Dozens of websites are being hacked to host images of child sexual abuse which are being inadvertently viewed by internet users, a charity has warned.
The Internet Watch Foundation (IWF) said it had received 227 reports of hijacked websites in the last six weeks.
The charity said legal pornographic sites had also been attacked to redirect visitors to the illegal material.
Susie Hargreaves, chief executive of the IWF, told BBC Radio Five Live: "It means for the person whose accidentally stumbled across it, they're seeing the worst of the worst without any idea of how it actually happened."
Pressure to act against online images of child abuse has increased in recent months following high-profile murder trials.
Mark Bridger, who killed April Jones, and Stuart Hazell, murderer of Tia Sharp, were both found to have accessed child and violent pornography and some experts argue there is a clear link between their obsessions and their actions.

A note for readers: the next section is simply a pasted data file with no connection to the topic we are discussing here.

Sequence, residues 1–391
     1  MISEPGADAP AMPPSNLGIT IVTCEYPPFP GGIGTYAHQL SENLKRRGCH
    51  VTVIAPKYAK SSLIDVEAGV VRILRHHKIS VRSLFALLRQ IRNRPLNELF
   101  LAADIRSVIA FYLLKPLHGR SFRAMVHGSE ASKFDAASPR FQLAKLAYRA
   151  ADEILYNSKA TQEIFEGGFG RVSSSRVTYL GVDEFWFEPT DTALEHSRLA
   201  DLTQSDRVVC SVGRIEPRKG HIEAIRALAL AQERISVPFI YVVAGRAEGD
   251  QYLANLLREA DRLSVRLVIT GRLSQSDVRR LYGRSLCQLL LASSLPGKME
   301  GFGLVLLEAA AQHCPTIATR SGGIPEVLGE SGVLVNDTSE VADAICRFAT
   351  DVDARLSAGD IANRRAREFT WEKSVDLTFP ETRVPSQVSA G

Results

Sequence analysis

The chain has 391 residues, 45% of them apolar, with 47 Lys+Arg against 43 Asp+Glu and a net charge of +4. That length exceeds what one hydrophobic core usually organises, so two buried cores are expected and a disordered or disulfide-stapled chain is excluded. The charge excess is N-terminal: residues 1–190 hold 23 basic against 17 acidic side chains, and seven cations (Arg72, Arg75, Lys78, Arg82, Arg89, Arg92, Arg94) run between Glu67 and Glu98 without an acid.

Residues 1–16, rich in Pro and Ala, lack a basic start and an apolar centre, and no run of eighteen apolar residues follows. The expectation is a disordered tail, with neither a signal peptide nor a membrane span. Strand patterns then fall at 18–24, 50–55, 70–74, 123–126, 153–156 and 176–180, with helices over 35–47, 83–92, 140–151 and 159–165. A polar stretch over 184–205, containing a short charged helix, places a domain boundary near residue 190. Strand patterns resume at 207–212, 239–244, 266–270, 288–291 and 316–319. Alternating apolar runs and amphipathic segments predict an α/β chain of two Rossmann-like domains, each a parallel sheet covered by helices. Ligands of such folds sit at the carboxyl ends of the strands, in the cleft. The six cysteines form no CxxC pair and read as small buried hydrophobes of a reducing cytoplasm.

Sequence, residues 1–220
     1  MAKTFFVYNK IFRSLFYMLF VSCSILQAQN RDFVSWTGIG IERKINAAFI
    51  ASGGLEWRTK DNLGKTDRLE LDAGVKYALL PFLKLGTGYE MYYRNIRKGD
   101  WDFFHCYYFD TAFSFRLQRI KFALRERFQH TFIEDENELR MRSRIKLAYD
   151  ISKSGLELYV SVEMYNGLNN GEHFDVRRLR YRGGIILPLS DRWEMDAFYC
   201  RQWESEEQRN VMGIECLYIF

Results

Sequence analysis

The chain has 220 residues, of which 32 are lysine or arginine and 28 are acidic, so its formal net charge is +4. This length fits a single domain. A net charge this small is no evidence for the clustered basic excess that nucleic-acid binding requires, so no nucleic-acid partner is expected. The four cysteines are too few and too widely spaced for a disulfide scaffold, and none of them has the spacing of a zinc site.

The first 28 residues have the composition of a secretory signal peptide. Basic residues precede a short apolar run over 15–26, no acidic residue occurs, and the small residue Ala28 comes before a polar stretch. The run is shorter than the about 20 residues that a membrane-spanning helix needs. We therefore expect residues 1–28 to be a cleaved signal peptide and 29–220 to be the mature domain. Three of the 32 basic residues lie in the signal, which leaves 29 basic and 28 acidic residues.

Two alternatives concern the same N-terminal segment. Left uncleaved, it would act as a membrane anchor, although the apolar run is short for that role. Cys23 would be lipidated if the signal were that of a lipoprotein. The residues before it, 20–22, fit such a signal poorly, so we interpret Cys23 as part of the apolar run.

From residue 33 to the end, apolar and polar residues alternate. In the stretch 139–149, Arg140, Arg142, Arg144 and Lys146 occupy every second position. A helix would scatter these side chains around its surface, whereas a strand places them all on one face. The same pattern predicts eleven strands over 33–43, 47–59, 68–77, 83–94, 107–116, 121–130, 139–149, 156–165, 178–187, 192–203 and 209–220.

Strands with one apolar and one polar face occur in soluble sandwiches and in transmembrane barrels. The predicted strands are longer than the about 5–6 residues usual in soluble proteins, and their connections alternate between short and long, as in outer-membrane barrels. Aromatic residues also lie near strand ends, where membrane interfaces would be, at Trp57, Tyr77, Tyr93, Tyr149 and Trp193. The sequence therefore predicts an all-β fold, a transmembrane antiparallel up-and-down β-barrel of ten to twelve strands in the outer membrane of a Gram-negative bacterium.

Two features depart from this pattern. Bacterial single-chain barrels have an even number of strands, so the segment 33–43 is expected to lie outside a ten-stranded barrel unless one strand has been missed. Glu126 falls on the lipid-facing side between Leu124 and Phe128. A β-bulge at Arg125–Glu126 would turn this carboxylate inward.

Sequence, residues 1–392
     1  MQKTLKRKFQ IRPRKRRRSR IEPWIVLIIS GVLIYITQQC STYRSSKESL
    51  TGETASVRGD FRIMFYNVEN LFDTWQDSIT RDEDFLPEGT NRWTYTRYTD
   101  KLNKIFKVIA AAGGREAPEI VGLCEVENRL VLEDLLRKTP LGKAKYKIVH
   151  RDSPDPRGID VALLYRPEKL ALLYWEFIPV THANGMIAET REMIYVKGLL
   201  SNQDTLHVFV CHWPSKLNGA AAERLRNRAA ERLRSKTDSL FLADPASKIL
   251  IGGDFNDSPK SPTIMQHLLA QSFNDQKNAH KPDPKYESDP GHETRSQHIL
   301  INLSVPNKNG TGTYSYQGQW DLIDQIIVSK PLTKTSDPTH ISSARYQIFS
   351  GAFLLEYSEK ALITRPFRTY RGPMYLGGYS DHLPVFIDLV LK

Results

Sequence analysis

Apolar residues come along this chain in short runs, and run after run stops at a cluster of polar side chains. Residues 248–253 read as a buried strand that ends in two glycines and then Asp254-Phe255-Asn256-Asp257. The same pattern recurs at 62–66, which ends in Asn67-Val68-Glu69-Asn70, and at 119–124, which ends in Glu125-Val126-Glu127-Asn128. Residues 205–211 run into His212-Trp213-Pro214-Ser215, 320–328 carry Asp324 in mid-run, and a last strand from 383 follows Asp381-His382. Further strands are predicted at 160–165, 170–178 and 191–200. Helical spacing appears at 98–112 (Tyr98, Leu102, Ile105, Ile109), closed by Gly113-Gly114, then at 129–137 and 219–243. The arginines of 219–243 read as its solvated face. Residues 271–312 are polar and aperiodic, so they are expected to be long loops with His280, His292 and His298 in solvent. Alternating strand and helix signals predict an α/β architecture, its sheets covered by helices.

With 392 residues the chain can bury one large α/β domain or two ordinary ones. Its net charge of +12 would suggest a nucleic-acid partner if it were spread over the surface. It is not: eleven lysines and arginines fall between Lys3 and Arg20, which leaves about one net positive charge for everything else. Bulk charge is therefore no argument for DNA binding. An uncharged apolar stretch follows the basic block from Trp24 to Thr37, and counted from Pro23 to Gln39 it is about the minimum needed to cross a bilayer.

David Cameron has threatened to impose tough new laws on internet giants if they fail to blacklist key search terms for horrific images by October as part a crackdown on online porn.
Possessing violent pornography containing simulated rape scenes will be made a crime in England and Wales and videos streamed online in the UK will be subject to the same restrictions as those sold in shops.
But Jim Gamble, the former head of CEOP, the Child Exploitation and Online Protection agency, said more investment was needed in law enforcement as child abuse images were often hidden by extended security measures.
"These people will go to great lengths to hide who they are and to distribute to their network," he told BBC Radio Five Live.Suggest a correction
"That's why I was deeply concerned when people were presenting the search initiative from the Prime Minister's office as a solution to child protection.
"These people aren't going online and hitting child abuse images in a one click search. They're going through these very extended security measures, they're hiding and sharing within specific groups.
"We have to get to the back end of this, the root cause, which is people. That's got to be an investment in law enforcement."